Why Only Fed Transparency?

July 23, 2009

by Bill Butos

Fed independence has come to mean the absence of operational control by non-Fed entities in designing and implementing monetary policy. It also means a presumption (long asserted by the Fed) that its effectiveness in conducting “business” justifies that it operate under a cloak of secrecy, although one that for several decades has adapted to Congressional and “freedom of information” pressures for greater transparency.  The call for greater transparency is a public concern because government and its agencies have the ability to affect us directly and massively.  But it does not address the more fundamental question of choices in monetary regimes.   Transparency matters only because we have central bank.

Congressman Ron Paul is currently leading the transparency charge with legislation requiring the Comptroller General to provide Congress an audit report on the Fed.  But even simply auditing the Fed raises the real possibility of further Congress meddling into monetary policy.  We have already seen the cozy relationship Bernanke has struck with the Treasury, first with Paulson and now with Geithner, that has recently blended monetary policy and fiscal policy.  Bernake’s assertion earlier this July that the Fed has rejected monetizing government debt is patently and inexcusably false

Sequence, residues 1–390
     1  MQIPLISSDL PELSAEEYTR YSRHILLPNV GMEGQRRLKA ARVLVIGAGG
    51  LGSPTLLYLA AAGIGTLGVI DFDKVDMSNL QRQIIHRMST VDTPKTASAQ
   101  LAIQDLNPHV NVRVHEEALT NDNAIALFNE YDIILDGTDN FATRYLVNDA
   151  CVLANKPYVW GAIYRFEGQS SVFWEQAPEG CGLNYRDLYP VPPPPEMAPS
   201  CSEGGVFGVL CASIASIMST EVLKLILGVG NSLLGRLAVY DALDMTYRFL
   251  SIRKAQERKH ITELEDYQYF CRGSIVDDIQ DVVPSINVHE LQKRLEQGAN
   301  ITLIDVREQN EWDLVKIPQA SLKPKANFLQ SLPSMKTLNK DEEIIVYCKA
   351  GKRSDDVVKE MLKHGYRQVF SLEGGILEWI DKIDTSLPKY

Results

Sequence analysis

A standard argument made by economists supporting Fed independence rests on a classic empirical study by Alesina and Summers (Journal of Money Credit and Banking, “Central Bank Independence and Macroeconomic Performance: Some Comparative Evidence,” 25:2 May 1993) that found a negative correlation between central banks’ independence and inflation rates.   Summers, now chief economic advisor in the Obama administration and pretender to the Chairmanship of the Board of Governors, has yet to distance himself from the Bernanke-Geithner alliance, perhaps suggesting that his empirical results from the 1990s only really apply when the “wrong people” are running the show, a refrain elitists since J.M. Keynes have been eager to embrace. 

Unfortunately, the dominant public discussion has centered on “Fed independence” and “transparency,” as if coming to closure on some mythical “correct amount” of independence and transparency would finally resolve our monetary problems.  Considerable evidence says such a quest is pointless and even dangerous.  What’s missing from the public discussion is a sober analysis and assessment of actual Fed policy and the arguments made by many to eliminate altogether central planning enthusiasms in monetary affairs.  Simply relocating central monetary planning from the Fed to Congress or requiring the Fed to be more transparent is not a solution, but clearly a diversion and probably a spur.

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